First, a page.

By the late 1950’s Simone had begun recording music under the Bethlehem Record Label; in 1958 she released her first album Little Girl Blue which featured the songs “Plain Gold Ring” and “Little Girl Blue”. That album also included her only top 40 hit “I Loves you Porgy;” her version of the song from the musical Porgy and Bess. Simone’s music was different and it defied industry standards, she drew from her classical training as well as her gospel, pop, and folk musical backgrounds. Because of her presence, talent and influence, she was named the “High Priestess of Soul,” even though she was not fond of the name. Simone explained that she would rather be classified as a folk singer than a jazz or soul singer; “If I had to be called something, it should have been a folk singer because there was more folk and blues than jazz in my playing,” Simone stated. Around 1965, Simone was becoming the voice of the civil rights movement. In response to the 1963 assassination of Medgar Evers and the bombing of the Birmingham church killing four little black girls, she wrote “Mississippi Goddam.” In 1968 after the assassination of Dr. Martin Luther King she wrote, “Why (The King of Love is Dead),” and “Young Gifted and Black.” “Young Gifted and Black” was a title borrowed from a play written by Lorraine Hansberry, that song became a theme for the time period in black America.
As racial tensions grew in America it affected the music industry, Simone was not happy with America and its politics and moved out of the country. She began living in other countries including Liberia, Switzerland, England, Barbados and South France. During this time, she struggled with finances, the rigors of the music industry and the IRS. Despite her troubles she continued to create music, she began covering popular music and adding her own flavor to the songs. She covered Bob Dylan’s “The Times They Are A-Changin” and “Here Comes the Sun,” by the Beatles. She would later record “I Want a Little Sugar in My Bowl,” before taking a musical break. In 1978 she returned to the music scene and released the album Baltimore, which was received well by critics but did not sell well commercially.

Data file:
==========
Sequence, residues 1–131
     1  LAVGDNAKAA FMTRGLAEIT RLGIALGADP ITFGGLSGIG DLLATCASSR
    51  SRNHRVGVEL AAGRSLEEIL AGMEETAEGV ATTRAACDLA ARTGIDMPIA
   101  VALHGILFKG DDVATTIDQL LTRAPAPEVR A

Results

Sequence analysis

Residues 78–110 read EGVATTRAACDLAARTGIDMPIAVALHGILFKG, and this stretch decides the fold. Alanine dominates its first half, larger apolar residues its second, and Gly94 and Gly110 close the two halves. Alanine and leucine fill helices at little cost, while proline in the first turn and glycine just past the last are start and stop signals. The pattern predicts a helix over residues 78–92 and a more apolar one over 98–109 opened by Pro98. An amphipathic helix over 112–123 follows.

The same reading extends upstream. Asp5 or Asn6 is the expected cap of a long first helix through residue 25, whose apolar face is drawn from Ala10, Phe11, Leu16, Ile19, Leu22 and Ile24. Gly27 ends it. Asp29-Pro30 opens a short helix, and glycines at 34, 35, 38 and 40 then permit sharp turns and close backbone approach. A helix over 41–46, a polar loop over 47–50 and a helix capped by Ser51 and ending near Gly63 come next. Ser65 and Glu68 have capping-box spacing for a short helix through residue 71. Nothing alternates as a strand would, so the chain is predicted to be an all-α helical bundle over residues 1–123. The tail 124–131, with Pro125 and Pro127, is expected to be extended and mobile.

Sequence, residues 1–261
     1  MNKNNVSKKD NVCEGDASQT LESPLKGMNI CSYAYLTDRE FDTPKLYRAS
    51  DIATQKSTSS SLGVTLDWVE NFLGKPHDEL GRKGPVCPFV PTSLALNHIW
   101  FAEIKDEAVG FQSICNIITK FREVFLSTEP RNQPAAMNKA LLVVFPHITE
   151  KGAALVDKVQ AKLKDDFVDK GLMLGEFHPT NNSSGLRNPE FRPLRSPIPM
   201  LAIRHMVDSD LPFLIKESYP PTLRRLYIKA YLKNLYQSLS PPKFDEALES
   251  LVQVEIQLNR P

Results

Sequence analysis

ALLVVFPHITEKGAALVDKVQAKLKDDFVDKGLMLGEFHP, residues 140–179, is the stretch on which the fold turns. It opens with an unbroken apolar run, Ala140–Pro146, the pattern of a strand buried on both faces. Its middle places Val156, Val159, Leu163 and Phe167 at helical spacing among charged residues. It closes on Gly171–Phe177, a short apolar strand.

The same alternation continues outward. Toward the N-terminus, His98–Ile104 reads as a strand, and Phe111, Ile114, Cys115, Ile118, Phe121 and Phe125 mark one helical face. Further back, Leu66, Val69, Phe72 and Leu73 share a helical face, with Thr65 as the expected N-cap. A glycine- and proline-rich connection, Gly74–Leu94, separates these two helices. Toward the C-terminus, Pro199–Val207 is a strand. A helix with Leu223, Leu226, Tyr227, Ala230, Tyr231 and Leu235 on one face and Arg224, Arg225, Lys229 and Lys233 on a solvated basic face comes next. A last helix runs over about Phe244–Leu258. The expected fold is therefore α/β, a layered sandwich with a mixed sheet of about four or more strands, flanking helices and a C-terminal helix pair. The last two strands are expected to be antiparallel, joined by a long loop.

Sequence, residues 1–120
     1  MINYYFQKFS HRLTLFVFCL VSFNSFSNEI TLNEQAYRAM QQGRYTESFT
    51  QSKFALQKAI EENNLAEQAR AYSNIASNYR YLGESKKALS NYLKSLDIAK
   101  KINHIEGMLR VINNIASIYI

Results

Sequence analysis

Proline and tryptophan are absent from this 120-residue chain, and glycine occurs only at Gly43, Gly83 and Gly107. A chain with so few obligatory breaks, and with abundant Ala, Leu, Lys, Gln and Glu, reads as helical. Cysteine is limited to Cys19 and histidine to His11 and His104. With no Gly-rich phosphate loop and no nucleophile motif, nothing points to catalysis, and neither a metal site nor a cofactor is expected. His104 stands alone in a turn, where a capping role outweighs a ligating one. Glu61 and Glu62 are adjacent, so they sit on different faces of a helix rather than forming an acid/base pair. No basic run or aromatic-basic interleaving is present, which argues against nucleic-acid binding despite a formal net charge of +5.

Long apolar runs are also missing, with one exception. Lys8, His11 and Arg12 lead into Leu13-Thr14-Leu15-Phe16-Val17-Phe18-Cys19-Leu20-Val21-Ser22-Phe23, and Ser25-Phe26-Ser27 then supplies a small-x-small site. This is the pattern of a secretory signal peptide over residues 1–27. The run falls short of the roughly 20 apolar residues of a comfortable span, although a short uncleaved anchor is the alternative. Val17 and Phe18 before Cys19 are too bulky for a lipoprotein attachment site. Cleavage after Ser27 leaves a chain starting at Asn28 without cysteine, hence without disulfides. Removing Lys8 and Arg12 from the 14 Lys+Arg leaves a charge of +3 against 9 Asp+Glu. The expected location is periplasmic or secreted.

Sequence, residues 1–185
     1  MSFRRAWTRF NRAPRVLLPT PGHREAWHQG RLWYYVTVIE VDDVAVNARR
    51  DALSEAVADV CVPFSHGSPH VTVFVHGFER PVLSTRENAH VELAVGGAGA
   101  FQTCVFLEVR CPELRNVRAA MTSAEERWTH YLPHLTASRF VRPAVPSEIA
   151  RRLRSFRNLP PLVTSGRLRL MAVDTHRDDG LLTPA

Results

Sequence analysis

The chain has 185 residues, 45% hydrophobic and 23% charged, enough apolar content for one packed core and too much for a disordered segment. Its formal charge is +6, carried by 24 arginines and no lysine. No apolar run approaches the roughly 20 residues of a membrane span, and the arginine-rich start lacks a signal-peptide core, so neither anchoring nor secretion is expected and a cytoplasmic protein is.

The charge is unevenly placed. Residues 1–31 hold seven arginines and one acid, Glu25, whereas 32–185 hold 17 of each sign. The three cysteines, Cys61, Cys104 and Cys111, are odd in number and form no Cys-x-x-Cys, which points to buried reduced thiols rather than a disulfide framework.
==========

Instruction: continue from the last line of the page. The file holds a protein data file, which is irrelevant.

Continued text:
In the late 1980’s a perfume commercial in the UK used Simone’s song “My Baby Just Cares For Me,” this commercial caused her song to become a number ten hit in Brititan. In 1992 she wrote her autobiography, I Put a Spell on You. In 1993 she recorded and released A Single Woman, then returned to the United States to perform her songs to promote her art. Simone toured regularly which helped maintain and continue building an ever growing fan base. In 1998 she performed in New York City for the first time in five years, that performance received critical acclaim. Later in the year Simone attended the 80th birthday party of beloved South African President Nelson Mandela. In 1999 Simone performed in Dublin, Ireland at the Guinness Blues Festival. Simone died in 2003 due to complications with her health. Simone left a rich proud ever-growing legacy that will stand the test of time. She stood for freedom and equality, and set a standard that black women in American can follow and be proud of. With prominent Negroid features, she shattered the American standard of beauty, while igniting the souls of anyone who listened to her music. Her music influenced a whole generation of music lovers and creators, from rap artist to folk singers. She also set political and cultural standards that showed future generations how to use music to influence and uplift its listeners. Mrs. Nina Simone, we stand on your shoulders.
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Melvin Tolson was born in Moberley, Missouri in 1898, to parents Reverend Alonzo Tolson and Lera Tolson. Lera Tolson was a seamstress and Reverend Tolson served at several Churches in the Missouri, Iowa and Kansas City areas; Tolson’s parent stressed the importance of education with their four children. In 1912 he published his first poem, “The Wreck of the Titanic,” in the Oskaloosa, Iowa newspaper. He also became the senior class poet at Lincoln High School. In 1918 Tolson graduated from Lincoln High School in Kansas City, Missouri, and then attended Fisk University before transferring to Lincoln University in Pennsylvania as a freshman. Tolson received his Bachelors of Arts with honors from Lincoln University in 1923. During his time at Lincoln University he met Ruth Southall; they married in 1922 and had four children. In 1924 after graduating from Lincoln University, Tolson became an instructor of English and Speech at Wiley College in Marshall, Texas. He not only taught at Wiley College, he coached the junior varsity football team, directed the theater club, cofounded the black intercollegiate Southern Association of Dramatic Speech and Arts, and organized the Wiley Forensic Society, which was the Wiley College debating club.